I used to write anywhere and everywhere, but now I hole up in my office at just about any time of day or night.
What made you write Red Asphalt? Were there any scenes or situations you had to leave out for any reason?
Red Asphalt was meant to exorcise a lot of demons in my life. It’s based on a period of time when I was going through very similar things as my main character, Calvin.. I had the same sort of job as a medical courier, picking and delivering bodily fluids and parts throughout Northern California. I could feel all my hopes and dreams start fading away until one day, I scared the crap out of myself. I had always had that fabled “fire in my belly”, that passion that keeps hope alive in dreamers like me. One day, a felt the fire go out. It was like someone just blew out the pilot light. I never felt so empty before…and honestly quite scared because I was trapped with no way out. The story of Red Asphalt came out of this panic because I started writing about myself, or at the least my worst case scenario. Eventually, I fictionalized it, you know like that killing part, but if I was to be completely honest I’d have to say that it’s about 60% non-fiction. Writing it really saved my soul. I believe that. As for anything I left out, they were too minimal to recall.
What genres do you like to read in your spare time?
All kinds. I’ll look through anything and everything related to film. I’ve tried to expand my horizons over the last few years and try different things. Lately I’ve been interested a little bit more in hisorical non-fiction, especially after reading Erik Larson’s Devil in the White City. Lately though I’ve been crazy about P.G. Wodehouse, a British author who wrote these hysterical stories about upper class twits, like those featuring Bertie Wooster and his valet Jeeves who always saves the day like some kind of Zen master in a waistcoat. They just kill me.
Is writing your full time job, or is it just your super hero persona?
The latter, though my cape’s in the dry cleaners. I got printer ink on it.
I see you have a blog. Is there anything in particular you like to blog about?
Scott Cherney’s Etc. is about movies, TV, theater, show biz…nothing of any importance to anyone but people like me. Sometimes it actually has some substance, but I could be wrong...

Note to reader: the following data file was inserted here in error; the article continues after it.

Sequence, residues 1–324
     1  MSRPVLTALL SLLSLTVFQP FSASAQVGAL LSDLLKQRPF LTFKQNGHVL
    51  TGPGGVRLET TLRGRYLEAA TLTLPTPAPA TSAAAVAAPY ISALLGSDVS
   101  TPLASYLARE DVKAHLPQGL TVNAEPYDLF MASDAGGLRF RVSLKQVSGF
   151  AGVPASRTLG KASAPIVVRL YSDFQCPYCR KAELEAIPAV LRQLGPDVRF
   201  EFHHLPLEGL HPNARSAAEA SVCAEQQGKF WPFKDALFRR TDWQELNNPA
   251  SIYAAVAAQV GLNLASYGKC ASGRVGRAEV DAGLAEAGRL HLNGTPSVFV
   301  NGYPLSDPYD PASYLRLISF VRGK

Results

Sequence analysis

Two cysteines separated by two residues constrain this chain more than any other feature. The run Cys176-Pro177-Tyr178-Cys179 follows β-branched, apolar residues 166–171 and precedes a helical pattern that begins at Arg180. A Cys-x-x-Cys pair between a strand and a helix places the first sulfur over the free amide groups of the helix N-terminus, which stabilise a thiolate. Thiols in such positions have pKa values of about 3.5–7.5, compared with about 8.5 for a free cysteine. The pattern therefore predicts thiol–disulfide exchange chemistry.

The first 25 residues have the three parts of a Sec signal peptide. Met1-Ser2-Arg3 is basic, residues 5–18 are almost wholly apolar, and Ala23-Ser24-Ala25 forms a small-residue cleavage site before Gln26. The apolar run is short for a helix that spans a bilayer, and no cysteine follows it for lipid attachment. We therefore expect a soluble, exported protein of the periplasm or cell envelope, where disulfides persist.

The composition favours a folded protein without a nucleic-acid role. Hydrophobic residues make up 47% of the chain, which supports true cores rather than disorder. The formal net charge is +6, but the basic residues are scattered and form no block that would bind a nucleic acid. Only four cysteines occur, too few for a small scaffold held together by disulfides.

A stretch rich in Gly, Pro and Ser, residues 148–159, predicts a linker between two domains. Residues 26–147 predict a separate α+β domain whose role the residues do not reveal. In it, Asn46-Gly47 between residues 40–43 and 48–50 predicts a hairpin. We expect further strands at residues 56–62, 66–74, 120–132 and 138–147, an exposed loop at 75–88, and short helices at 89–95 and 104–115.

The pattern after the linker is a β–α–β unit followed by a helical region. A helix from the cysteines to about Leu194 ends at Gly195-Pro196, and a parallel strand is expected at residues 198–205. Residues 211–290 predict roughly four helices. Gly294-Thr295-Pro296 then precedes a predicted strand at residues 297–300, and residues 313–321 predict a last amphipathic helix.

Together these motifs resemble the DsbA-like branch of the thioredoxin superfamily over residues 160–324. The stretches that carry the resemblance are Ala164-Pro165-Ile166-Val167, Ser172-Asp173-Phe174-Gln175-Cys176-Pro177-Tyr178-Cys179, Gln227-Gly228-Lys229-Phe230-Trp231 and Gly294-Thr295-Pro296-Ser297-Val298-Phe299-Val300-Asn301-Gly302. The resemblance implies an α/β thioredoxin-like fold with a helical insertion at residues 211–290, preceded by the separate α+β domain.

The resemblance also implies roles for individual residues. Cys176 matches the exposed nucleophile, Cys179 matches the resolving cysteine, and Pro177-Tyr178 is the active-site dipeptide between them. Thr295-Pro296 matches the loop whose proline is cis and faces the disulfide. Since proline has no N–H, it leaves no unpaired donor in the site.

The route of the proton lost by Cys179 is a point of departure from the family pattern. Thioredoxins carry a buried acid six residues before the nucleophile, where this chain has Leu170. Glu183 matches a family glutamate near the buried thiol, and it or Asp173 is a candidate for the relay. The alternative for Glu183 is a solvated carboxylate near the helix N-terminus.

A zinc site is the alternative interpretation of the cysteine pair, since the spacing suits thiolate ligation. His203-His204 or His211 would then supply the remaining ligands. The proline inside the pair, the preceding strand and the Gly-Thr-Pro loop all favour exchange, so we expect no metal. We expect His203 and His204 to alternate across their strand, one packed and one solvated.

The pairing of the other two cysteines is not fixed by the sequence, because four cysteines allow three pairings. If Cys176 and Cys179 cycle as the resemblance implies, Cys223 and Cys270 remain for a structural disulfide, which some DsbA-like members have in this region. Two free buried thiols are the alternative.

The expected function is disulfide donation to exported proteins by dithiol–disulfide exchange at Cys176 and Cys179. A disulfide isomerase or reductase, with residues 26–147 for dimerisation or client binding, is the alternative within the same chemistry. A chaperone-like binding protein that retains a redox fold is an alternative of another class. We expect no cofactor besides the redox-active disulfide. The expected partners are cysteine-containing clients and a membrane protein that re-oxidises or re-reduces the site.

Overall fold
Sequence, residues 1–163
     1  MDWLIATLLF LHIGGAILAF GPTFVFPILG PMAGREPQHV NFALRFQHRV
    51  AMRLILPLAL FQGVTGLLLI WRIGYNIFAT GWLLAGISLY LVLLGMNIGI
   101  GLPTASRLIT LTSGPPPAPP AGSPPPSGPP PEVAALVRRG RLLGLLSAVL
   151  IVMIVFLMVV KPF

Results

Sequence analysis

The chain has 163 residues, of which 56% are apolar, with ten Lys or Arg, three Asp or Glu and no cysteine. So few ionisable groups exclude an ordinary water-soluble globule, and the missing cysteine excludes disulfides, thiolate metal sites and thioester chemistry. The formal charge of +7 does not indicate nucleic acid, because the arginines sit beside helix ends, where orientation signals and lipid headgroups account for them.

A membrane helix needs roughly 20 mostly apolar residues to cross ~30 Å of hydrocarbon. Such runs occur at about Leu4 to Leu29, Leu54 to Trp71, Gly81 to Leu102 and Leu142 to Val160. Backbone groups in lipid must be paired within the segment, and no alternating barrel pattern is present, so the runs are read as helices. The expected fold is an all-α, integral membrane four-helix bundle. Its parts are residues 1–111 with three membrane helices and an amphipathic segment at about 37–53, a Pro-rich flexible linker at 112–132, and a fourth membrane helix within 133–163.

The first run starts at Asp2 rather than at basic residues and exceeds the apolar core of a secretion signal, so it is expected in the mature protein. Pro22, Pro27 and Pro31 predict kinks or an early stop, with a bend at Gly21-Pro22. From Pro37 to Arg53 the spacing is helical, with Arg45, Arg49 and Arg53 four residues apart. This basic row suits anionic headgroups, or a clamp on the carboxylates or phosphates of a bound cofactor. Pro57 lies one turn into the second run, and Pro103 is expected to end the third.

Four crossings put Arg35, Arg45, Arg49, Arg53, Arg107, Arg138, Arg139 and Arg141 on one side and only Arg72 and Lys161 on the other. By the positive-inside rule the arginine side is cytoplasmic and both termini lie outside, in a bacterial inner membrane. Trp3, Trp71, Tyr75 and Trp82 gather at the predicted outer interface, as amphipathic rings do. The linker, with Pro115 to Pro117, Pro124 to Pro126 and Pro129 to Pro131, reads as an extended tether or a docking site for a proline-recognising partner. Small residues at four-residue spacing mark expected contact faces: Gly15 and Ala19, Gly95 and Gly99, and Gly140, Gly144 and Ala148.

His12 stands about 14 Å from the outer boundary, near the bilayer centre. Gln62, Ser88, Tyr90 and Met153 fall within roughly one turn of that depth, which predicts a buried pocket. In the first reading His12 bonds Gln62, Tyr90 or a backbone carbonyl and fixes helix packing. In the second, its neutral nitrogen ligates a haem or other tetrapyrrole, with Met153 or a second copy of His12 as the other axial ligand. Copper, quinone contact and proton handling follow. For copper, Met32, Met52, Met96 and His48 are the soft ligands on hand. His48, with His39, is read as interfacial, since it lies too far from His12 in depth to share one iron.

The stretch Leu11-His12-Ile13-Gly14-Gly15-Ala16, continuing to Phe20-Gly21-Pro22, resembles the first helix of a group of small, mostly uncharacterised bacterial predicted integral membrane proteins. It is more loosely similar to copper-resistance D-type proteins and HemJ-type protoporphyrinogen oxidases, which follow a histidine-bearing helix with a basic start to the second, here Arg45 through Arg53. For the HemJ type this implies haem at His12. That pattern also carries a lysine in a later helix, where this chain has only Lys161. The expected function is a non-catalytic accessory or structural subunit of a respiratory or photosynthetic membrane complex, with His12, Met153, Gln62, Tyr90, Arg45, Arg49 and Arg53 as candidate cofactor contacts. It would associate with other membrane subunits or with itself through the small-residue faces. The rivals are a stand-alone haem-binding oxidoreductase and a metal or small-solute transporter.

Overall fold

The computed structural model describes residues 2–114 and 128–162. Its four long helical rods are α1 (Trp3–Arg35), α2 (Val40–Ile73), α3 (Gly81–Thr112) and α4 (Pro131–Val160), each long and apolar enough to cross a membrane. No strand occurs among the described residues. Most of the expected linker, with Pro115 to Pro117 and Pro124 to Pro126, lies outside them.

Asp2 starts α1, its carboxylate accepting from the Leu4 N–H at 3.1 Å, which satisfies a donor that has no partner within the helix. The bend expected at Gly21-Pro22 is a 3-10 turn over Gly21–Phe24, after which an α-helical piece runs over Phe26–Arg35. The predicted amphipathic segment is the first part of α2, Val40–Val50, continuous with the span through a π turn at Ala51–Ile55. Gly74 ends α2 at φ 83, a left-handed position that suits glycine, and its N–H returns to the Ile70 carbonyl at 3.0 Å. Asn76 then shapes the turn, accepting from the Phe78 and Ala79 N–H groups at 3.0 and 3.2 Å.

Do you have any quirks or special rituals you must do before writing or when completing a story?
Music inspires me so I try to play some specific CD while I’m creating. For Red Asphalt, I played a New Agey album with rain forest sounds. I don’t know why, but it seemed to work.
If you could be a character from any story who would it be? Why?
Bond, James Bond. I still hold onto that adolescent dream.
What are your thoughts about books that become movies? Do you prefer to read the book first or see the film?
They are two different things. A book is usually the work of one person while a film is a collaborative process which takes many. If a movie is faithful to at least the spirit of the book, then sometimes that’s the most you can hope for. Sometimes it works, sometimes it doesn’t. The Lovely Bones is a better book than a film, but The Godfather was a classic film and a crappy book. I don’t read most bestsellers so I don’t read something that's going to be made into a movie usually. Depends on what I get to first. Of course, I’d love to see my own work on screen I still have that dream.
Are you currently working on anything right now?
I just finished the second edition of my first book, In the Dark: A Life and Times in a Movie Theater. I updated some key elements that began to look kind of passe’ and I wanted release it for the first time as an e-book. It’s just been released. I also just put together a long gestating project, my very own website called Written by Scott Cherney, at you guessed it, www.scottcherney.com
I would just like to thank Mr. Scott Cherney for taking the time to share a bit about himself today.
Scott Cherney is the Author of:
Red Asphalt, In The Dark, Please Hold Thumbs, Now THAT'S Funny! & Song of The Lone Prairie or Poem on the Range.
Visit Scott Cherney @